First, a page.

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10/18/2016 02:06 pm ET Updated Oct 19, 2017

Why Aren't Math Education Games More Widely Used?

Why aren't more math education games widely used to help engage children in mathematics? originally appeared on Quora - the knowledge sharing network where compelling questions are answered by people with unique insights.

Answer by Keith Devlin, executive director, H-STAR Institute, co-founder and chief scientist, BrainQuake, on Quora.

At the moment, there are very, very few good math learning games. I try to keep up with the industry, and I know of at most, maybe twenty math learning games I think have real learning value.

The vast majority of "math learning games" (and there are over 20,000 of these in the App Store alone) are little more than animated flash cards for repetitive practice of basic skills. There is nothing inherently wrong with that. There are some basic skills it is important to acquire as early as possible (though, because of technology, not as many as was the case when I was growing up), and doing that with an engaging game is efficient.

In fact, many of those products are hardly games by the standards of modern video games, and they can give math education a bad rap, obscuring what's possible given the potential of modern video games. It's seems almost as if the video game domain and the math education game domain took separate paths decades ago and for the most part never truly converged again.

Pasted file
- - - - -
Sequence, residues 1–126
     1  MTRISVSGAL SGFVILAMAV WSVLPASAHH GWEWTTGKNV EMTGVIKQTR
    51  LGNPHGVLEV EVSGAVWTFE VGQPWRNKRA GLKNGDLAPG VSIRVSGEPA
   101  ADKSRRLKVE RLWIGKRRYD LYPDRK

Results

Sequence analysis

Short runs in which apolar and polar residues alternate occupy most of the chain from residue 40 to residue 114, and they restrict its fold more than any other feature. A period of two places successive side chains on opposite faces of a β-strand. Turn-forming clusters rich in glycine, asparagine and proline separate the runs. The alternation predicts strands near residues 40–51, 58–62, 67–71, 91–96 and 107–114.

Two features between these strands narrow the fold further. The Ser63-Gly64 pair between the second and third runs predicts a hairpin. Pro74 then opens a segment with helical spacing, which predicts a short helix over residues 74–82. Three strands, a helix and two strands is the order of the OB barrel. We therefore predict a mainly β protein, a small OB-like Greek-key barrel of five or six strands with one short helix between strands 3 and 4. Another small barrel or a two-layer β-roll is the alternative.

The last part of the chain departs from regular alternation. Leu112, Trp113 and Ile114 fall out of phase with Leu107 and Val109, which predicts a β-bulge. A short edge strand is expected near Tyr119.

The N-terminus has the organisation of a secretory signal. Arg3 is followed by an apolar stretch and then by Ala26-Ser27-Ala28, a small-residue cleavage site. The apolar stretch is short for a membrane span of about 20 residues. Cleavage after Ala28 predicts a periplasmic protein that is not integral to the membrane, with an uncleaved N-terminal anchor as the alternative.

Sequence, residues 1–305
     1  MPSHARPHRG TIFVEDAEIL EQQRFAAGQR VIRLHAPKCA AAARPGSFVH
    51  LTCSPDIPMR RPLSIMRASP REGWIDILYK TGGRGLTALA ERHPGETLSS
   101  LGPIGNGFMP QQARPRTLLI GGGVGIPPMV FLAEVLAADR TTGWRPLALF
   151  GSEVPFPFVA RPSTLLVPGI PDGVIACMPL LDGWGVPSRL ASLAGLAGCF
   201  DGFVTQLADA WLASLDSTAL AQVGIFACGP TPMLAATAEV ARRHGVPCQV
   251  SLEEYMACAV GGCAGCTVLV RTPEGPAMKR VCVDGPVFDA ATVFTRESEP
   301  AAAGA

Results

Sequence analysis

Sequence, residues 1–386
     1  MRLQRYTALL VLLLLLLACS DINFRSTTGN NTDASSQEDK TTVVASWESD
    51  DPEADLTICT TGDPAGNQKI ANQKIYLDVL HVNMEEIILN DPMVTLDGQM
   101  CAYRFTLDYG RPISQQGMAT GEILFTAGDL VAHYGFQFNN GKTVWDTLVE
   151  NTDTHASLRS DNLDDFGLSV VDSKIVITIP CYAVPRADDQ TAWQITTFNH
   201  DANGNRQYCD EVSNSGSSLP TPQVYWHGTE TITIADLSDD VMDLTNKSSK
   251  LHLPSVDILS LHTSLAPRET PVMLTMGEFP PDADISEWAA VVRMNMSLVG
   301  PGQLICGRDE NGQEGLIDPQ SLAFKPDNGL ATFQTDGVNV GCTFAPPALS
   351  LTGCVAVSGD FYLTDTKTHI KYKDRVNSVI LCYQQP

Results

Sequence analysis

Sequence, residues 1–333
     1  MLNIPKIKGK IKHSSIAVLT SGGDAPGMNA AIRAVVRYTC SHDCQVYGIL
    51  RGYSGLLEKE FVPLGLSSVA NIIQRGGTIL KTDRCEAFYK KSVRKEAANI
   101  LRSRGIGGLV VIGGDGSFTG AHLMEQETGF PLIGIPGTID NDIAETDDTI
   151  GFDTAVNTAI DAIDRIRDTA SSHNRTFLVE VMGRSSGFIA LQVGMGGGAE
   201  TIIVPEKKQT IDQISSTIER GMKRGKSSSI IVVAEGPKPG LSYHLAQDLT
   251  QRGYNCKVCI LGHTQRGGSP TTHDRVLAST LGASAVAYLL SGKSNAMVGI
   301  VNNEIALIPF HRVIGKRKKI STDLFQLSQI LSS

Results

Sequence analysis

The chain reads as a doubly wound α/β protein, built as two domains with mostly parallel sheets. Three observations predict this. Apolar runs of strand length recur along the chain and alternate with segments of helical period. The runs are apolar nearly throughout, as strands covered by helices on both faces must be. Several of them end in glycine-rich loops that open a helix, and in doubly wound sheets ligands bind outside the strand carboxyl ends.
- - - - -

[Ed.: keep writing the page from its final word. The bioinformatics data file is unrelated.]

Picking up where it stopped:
It's also worth noting that those basic-skills games do not provide learning; they provide practice. Useful, as I say. But without the much deeper mathematical thinking ability, those basic skills are of no use.

As more and more good learning games come out (and the entire industry is still learning how to do this well), I expect things to change, but it might be slow growth at first. Parents and teachers who have tried to make use of math learning games that did not produce math learning will understandably be reluctant to devote more time and effort trying any new ones. Especially when those good games are vastly outnumbered in the App Store's ocean of apps.

I think the answer, when it comes, will be (as in the pharmaceutical industry) reliance on published scientific research to sort the wheat from the chaff. That's one reason why BrainQuake encourages universities around the world to conduct independent scientific studies of our products.

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